I bought a 1958 Buick Caballero wagon years back with an encyclopedia
of records for work done on the car. It had 554,000+ miles on it without ever
having the valve covers off it ! The original owner's son sold the car to me.
Dad loved this car and drove it till he died, in spite of how out of style a big,
finned, pink station wagon was. He only used Pennzoil in it and when I went
to pull those valve covers, they would not come off. I heated the exterior on
them and discovered they were a solid molded castings of wax inside with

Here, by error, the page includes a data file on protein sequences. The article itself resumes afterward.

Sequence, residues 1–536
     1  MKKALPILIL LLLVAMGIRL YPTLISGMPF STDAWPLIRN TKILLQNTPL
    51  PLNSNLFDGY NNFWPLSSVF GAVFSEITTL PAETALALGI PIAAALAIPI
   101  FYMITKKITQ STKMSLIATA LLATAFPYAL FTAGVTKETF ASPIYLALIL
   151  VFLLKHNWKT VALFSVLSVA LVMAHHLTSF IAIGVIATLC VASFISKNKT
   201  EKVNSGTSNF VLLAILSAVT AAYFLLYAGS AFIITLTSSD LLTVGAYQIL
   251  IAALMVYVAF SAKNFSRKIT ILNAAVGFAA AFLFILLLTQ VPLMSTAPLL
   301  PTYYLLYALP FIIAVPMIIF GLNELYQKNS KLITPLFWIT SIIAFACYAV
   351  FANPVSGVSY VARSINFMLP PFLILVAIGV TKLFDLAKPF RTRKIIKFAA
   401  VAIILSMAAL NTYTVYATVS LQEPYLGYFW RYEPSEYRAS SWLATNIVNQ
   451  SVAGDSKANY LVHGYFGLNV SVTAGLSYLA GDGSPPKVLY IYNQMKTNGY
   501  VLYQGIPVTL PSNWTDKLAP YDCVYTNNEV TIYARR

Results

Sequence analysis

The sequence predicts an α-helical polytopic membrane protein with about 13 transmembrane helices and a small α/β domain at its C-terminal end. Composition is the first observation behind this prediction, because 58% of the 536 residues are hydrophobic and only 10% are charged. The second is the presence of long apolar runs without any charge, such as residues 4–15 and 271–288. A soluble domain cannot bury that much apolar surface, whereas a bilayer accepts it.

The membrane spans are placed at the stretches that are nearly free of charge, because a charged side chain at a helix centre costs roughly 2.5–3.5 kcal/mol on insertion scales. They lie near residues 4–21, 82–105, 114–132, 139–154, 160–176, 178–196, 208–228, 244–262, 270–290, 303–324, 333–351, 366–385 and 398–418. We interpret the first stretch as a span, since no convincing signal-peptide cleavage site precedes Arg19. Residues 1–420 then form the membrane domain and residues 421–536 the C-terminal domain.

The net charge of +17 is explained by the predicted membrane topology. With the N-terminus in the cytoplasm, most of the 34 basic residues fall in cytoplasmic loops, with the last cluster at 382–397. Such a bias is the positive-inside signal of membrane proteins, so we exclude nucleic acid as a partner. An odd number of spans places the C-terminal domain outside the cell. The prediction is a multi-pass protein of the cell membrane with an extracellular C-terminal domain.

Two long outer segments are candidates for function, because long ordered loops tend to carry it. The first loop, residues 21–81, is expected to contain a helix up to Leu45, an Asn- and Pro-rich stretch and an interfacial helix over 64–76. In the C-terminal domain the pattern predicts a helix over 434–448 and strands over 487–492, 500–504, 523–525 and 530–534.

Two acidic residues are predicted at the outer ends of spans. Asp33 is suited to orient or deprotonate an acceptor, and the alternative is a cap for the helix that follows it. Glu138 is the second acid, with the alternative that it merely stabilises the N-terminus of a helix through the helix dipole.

only enough room for the movement of the rocker assemblies !
Decades ago I helped restore a 1927 American-Built Rolls Royce. It was factory Glyptaled to seal any porosity in the aluminum crankcase housing. Properly applied, it will stay put."The factory didn't do it" well, that may be true, but the factory didn't do a lot of things, because they were building a low-cost automobile.
As for heat, I doubt you get much heat radiation through the crankcase sides.
So as long as the metal is clean, I think the Glyptal (or insulating varnish) will stay put.
So, my conclusion; do whichever you like!
IF (IF!) I ever have an engine clean enough to do it, I would. :-)
Burger, Pennzoil did that to a 292 Chevy 6 too, half a continent away from you. Hehe, now someone will say it's GM engines that make wax out of Pennzoil. :-)
And I know many people love their product!
Jim, so that's why so many OLD electrical windings are red. Glyptol!